- Health & Wellness
Top New Year's Resolutions & How WHOOP Can Help You Accomplish Them
No matter what your resolution is this year, WHOOP can help you achieve your goals.
A new year represents a fresh start, a chance to set new goals and aim to better ourselves in new ways. However, despite our lofty intentions, it is estimated that roughly 80% of all New Year’s resolutions fail. Why? A primary reason is that we often lack the right accountability structure to enable us to make meaningful changes--in particular when these changes involve improving our health and overall well-being.
“WHOOP Keeps Me Accountable.”
The quote above is something we hear quite often from WHOOP members. By quantifying the strain your body takes on each day, tracking your sleep in detail each night, and measuring your recovery each morning, WHOOP enables you to truly “know yourself.” Features like the Sleep Planner and Strain Target provide you with actionable insights and recommendations, and by logging specific behaviors in the WHOOP Journal you can see the impact of various lifestyle choices on your physiological data. The graphic below displays a few stats we uncovered from a 4-month study of behavior changes among athletes first introduced to WHOOP. Their fitness and cardiovascular health metrics (notably resting heart rate and heart rate variability) improved, they got more sleep, and they drank less alcohol:
No matter what your resolution is this year, WHOOP can help.
Popular New Year’s Resolutions List
Here are several of the most common New Year’s resolutions we make, as well as the role WHOOP can play in your success achieving them.
One of the first things people often realize when they start wearing WHOOP is that they don’t actually sleep as much as they thought. Being in bed for 8 hours is not the same thing as sleeping for 8 hours. WHOOP tells you exactly how much time you spend in each of the 4 stages of sleep: Light, deep/slow wave, REM, and awake. Based on your unique physiology, previous amount of sleep, and recent strain on your body, the WHOOP Sleep Planner calculates precisely how much sleep you need every night, plus the ideal time to go to bed in order to make it happen. And by taking steps to ensure you’re getting enough REM and deep sleep (the restorative stages of sleep), you’ll wake up feeling refreshed and recovered. WHOOP also tracks your sleep consistency, which is the similarity of your bed and wake times on a day-to-day basis. Sleep consistency helps maintain your circadian rhythm, and will improve the quality and efficiency of your sleep as well. Learn More: 5 Easy Ways to Sleep Better The Optimal Sleep Playbook: Managing Sleep Debt with WHOOP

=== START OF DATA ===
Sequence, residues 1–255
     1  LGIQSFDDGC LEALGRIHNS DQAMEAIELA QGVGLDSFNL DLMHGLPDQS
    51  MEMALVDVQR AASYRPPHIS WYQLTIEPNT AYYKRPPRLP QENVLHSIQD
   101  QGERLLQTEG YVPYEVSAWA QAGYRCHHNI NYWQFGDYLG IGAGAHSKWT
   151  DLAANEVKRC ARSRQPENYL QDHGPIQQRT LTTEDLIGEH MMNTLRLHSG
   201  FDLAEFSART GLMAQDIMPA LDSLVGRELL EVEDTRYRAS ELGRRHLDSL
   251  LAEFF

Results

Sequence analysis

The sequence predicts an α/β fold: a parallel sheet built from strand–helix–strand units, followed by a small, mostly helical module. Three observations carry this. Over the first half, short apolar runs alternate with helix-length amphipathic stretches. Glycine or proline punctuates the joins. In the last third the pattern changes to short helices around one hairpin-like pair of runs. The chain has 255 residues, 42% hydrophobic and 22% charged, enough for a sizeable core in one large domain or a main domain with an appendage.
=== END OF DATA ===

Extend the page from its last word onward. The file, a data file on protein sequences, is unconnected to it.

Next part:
If you begin following a healthier diet, chances are you are going to see the positive effects of it in your WHOOP data. Our Monthly Performance Assessments reveal changes in your metrics that correlate with specific responses in the Journal feature. When logging diets like keto, paleo, or plant-based, many members have noticed better recoveries, increased HRV and lower resting heart rates. An often overlooked component of healthy eating is simply to drink more water. In an analysis of WHOOP Journal responses, the behavior linked with the greatest increase in daily recovery was proper hydration. Learn More: The Science of Calorie Tracking Track Macronutrients to Be More Efficient with Your Shopping & Nutrition